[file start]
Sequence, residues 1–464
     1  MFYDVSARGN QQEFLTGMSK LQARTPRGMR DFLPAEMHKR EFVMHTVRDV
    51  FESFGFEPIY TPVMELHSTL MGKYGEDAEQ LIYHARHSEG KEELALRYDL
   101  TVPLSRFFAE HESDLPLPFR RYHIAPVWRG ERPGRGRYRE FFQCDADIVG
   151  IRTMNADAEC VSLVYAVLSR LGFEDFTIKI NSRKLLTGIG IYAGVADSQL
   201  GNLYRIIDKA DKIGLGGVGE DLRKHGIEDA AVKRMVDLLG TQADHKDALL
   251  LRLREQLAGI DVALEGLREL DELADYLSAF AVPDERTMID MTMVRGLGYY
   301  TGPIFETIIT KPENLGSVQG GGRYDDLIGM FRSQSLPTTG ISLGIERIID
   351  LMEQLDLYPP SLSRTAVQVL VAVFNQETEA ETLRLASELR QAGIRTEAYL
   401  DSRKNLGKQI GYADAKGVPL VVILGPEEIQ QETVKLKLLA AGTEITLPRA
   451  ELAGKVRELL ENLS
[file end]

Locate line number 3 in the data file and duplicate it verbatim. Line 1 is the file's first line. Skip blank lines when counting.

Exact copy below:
    51  FESFGFEPIY TPVMELHSTL MGKYGEDAEQ LIYHARHSEG KEELALRYDL